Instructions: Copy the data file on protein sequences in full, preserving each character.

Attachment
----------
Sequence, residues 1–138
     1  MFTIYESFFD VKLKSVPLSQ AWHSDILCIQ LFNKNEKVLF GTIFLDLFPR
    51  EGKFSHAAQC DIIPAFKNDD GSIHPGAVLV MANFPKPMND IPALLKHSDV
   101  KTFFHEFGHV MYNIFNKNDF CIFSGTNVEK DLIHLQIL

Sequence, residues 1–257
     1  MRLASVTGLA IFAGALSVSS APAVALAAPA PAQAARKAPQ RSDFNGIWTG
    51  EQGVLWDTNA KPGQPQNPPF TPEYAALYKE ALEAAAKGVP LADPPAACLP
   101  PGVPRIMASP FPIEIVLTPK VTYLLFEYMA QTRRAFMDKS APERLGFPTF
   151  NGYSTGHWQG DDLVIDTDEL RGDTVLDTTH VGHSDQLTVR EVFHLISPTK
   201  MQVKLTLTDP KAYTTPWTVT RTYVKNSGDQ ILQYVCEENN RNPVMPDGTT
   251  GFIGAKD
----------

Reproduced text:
Sequence, residues 1–138
     1  MFTIYESFFD VKLKSVPLSQ AWHSDILCIQ LFNKNEKVLF GTIFLDLFPR
    51  EGKFSHAAQC DIIPAFKNDD GSIHPGAVLV MANFPKPMND IPALLKHSDV
   101  KTFFHEFGHV MYNIFNKNDF CIFSGTNVEK DLIHLQIL

Sequence, residues 1–257
     1  MRLASVTGLA IFAGALSVSS APAVALAAPA PAQAARKAPQ RSDFNGIWTG
    51  EQGVLWDTNA KPGQPQNPPF TPEYAALYKE ALEAAAKGVP LADPPAACLP
   101  PGVPRIMASP FPIEIVLTPK VTYLLFEYMA QTRRAFMDKS APERLGFPTF
   151  NGYSTGHWQG DDLVIDTDEL RGDTVLDTTH VGHSDQLTVR EVFHLISPTK
   201  MQVKLTLTDP KAYTTPWTVT RTYVKNSGDQ ILQYVCEENN RNPVMPDGTT
   251  GFIGAKD